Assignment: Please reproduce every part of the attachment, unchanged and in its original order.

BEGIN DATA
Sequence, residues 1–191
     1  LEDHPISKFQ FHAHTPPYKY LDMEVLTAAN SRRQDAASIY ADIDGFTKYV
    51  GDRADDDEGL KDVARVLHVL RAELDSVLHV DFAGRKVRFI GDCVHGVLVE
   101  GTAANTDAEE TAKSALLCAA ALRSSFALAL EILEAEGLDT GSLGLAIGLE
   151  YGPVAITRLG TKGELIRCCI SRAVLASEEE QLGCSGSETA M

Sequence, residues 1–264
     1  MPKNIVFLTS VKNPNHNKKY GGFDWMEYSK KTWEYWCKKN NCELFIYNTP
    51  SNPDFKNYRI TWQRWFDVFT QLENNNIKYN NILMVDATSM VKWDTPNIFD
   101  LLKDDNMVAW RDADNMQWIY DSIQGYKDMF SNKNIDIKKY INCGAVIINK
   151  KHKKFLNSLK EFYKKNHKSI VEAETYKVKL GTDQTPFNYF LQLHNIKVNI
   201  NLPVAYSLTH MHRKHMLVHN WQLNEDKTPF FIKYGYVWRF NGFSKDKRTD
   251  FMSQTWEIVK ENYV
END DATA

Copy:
Sequence, residues 1–191
     1  LEDHPISKFQ FHAHTPPYKY LDMEVLTAAN SRRQDAASIY ADIDGFTKYV
    51  GDRADDDEGL KDVARVLHVL RAELDSVLHV DFAGRKVRFI GDCVHGVLVE
   101  GTAANTDAEE TAKSALLCAA ALRSSFALAL EILEAEGLDT GSLGLAIGLE
   151  YGPVAITRLG TKGELIRCCI SRAVLASEEE QLGCSGSETA M

Sequence, residues 1–264
     1  MPKNIVFLTS VKNPNHNKKY GGFDWMEYSK KTWEYWCKKN NCELFIYNTP
    51  SNPDFKNYRI TWQRWFDVFT QLENNNIKYN NILMVDATSM VKWDTPNIFD
   101  LLKDDNMVAW RDADNMQWIY DSIQGYKDMF SNKNIDIKKY INCGAVIINK
   151  KHKKFLNSLK EFYKKNHKSI VEAETYKVKL GTDQTPFNYF LQLHNIKVNI
   201  NLPVAYSLTH MHRKHMLVHN WQLNEDKTPF FIKYGYVWRF NGFSKDKRTD
   251  FMSQTWEIVK ENYV